Razak, Kyenkyenhene cry for estate houses

Author: George Ernest Asare
Kwadwo Addae Kyenkyenhene (left) and Golden Boy Abdul Karim Razak during their days with Kotoko and Black Stars

Two former Black Stars and Asante Kotoko players, Abdul Karim Razak (Golden Boy) and Kwadwo Addae Kyenkyenhene have re-echoed their demand for estate houses promised by the State for winning the 1978 Africa Cup of Nations (AFCON).

While acknowledging that former President John Dramani Mahama released a total of GHC1.7m (about $571,910) to be shared among the 1963, 1965, 1978 and 1982 AFCON winning teams in recognition of their feats, Razak and Kyenkyenhene told Graphic  Sports Online in separate interviews that such money “cannot be equated with the Estate Houses promised each player during the General Ignatius Kutu Acheampong administration in 1978.”

On  behalf of their teammates, the two veterans made a passionate appeal to President Nana Addo Dankwa Akufo-Addo to honour the late General Acheampong’s promise as a matter of urgency.

“I have to confess that I was happy that we won the trophy for good for our country, but I have been disappointed ever since because the state failed to honour her promise to the 1978 squad.”

“Anytime the 1978 tournament comes to mind, I feel a sense of nostalgia because before the tournament, no nation had won the continental trophy for good.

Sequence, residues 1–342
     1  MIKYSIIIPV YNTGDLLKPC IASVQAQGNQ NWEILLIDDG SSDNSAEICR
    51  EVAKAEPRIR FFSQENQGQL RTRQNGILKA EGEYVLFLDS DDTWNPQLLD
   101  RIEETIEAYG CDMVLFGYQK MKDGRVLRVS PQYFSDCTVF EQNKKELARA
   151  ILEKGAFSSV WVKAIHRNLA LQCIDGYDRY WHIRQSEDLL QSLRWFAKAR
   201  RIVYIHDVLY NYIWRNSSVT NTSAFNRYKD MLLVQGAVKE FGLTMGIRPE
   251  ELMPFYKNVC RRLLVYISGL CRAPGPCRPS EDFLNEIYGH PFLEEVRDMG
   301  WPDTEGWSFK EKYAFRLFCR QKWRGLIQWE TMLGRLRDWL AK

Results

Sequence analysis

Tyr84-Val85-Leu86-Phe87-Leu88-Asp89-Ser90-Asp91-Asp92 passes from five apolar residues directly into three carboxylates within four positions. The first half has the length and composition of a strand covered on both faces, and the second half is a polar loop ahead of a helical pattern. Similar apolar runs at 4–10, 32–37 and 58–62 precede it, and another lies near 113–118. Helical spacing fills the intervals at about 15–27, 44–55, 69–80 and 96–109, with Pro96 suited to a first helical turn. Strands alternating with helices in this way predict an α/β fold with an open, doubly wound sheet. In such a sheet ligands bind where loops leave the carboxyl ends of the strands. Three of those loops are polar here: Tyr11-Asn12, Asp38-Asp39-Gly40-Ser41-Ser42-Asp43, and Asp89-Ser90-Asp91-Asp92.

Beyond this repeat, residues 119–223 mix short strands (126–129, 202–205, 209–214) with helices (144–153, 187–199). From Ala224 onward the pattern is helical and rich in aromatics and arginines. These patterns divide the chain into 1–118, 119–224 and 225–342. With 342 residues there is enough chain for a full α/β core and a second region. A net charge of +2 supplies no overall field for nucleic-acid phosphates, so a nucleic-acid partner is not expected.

"Ghana had won it in 1963 and 1965 but no nation had won it thrice at that time, so the then Head of State [General Kutu Acheampong] organised a dinner for us at his residence and promised to offer each player an estate house if we won the trophy,” Kyenkyenhene explained.

“The late Kutu Acheampong said winning the trophy would be an honour for the nation so all the players should go the extra mile to ensure that the trophy remained in Ghana.

“We, therefore, went into the tournament with every commitment, dedication and zeal to die for the trophy and that is exactly what we did,” Kyenkyenhene recalled.

“If a nation refuses to honour promises to her citizenry, it undermines the forward march of certain programmes,” Kyenkyenhene bemoaned.

For his part, Razak, who scored the lone goal that knocked out Tunisia from the tournament at the semi-final stage when Ghana hosted the rest of Africa in Accra and Kumasi, said some of his teammates died out of disappointment and misery.

“Some of my teammates, including Emmanuel Quarshie and Opoku Afriyie, died without getting their reward, but it will be a legacy for their children if Nana Addo honours the promise.

“What President Mahama offered us cannot compensate for the Estate Houses promised us by General Kutu Acheampong. If Best Farmers are given cars, in addition to houses, why should the nation refuse to honour her promise of presenting estate houses  to each of the 1978 winning team?’’, he questioned.

Before releasing the GHC1.7m to the former Black Stars players in 2014, President Mahama noted that “as a token for our gratitude for the service you gave to your country, I wish to assure you that your services have not been forgotten and I have asked the Chief of Staff and the Minister of Finance to make GHC 1.7m available for you.”

“I hope that you will accept for those of you alive and for those of you gone, the families will accept the little that will be shared among you as a big thank you from the government and the people of Ghana,” he added.